Review Detail

3.3 1
Young Adult Fiction 2440
Everybody wants to rule the world
Overall rating
Writing Style
Would you give an important leadership position to someone who really wanted it? That question was memorably posed in the Hitchhiker's Guide series, and I thought about it often while reading A Confusion of Princes.

In a strange far future, the job of being Emperor goes to the fittest and most competent of 10 million Princes (in the gender-neutral Machiavelli sense.) The system reminds me a bit of ancient Chinese bureaucratic testing or Russian gymnastics testing. Children are evaluated and removed from their families to be trained and molded into the arms and legs of the empire. Some become explorers, or military officers. They form cohorts and they attempt to assassinate their rivals.

Khemri is our viewpoint character, and we follow him around as he is variously tested and reborn through the Princely Reboot System that has to do with him being jacked in. He's specifically raised to be oblivious to the needs of others. For instance, when he is reborn into a clone body, "Later, I would think more about that, and what my rebirth might be costing someone else. At that moment, I was simply elated to be alive, and there was also this business of getting an award. I was a hero?"

I think there are a couple main plot lines that can get you to adulthood in a YA novel. You can reject that which you have known and become your own person, or you can work toward accepting what you need to learn and integrate with. I prefer books of the second type, possibly because I am an adult.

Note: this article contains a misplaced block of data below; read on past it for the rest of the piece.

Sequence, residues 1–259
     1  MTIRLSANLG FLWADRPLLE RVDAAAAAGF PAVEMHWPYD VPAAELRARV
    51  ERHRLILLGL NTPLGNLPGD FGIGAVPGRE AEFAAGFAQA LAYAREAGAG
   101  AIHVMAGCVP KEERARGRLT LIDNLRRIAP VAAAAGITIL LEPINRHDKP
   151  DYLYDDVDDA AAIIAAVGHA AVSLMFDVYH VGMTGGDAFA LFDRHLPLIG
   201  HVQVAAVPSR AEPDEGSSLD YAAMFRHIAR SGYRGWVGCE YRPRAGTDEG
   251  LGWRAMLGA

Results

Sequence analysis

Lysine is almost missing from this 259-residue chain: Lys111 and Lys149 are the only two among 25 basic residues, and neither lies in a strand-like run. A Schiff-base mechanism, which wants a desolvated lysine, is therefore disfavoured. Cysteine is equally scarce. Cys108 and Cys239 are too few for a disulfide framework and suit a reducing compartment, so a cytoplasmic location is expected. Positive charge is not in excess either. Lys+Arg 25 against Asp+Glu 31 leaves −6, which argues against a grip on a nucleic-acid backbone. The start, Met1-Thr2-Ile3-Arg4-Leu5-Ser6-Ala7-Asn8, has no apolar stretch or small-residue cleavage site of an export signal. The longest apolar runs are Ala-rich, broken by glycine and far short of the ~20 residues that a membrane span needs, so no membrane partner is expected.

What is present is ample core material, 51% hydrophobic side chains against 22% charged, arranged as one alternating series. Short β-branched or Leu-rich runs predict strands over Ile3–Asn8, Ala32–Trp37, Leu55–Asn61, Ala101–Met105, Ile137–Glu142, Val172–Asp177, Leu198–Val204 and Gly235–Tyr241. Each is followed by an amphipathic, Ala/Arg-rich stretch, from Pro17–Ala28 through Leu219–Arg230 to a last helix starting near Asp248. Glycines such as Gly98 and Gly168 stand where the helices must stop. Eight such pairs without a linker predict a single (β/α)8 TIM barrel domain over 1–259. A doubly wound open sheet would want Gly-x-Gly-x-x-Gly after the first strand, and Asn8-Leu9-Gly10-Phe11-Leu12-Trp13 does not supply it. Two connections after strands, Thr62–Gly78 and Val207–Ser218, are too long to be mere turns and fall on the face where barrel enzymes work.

This story is more of the first, with Khmeri learning, through the tutoring of his Master of Assassins and the unusual experiences he has, that what he thought he knew is not always correct.
"Perhaps the most important lesson for me was not to accept what I saw or heard at face value and to look beyond the official description or information to see if there was something I could use."

Much of the story is about Khmeri learning to question what he thought he knew, but many of those experiences are guided and instigated by the adults in his life, so it feels less valid than one he initiated himself. I am not left with the feeling that he ends the book as an adult, but rather as a rebellious teenager.

Read if: You liked the Deathstalker books. You are interested in atypical ambition. You'd like to see the development of a conscience.

Skip if: You want a moral investigation of the character's system, you are creeped out by the unquestioning use of slaves, destiny annoys you.
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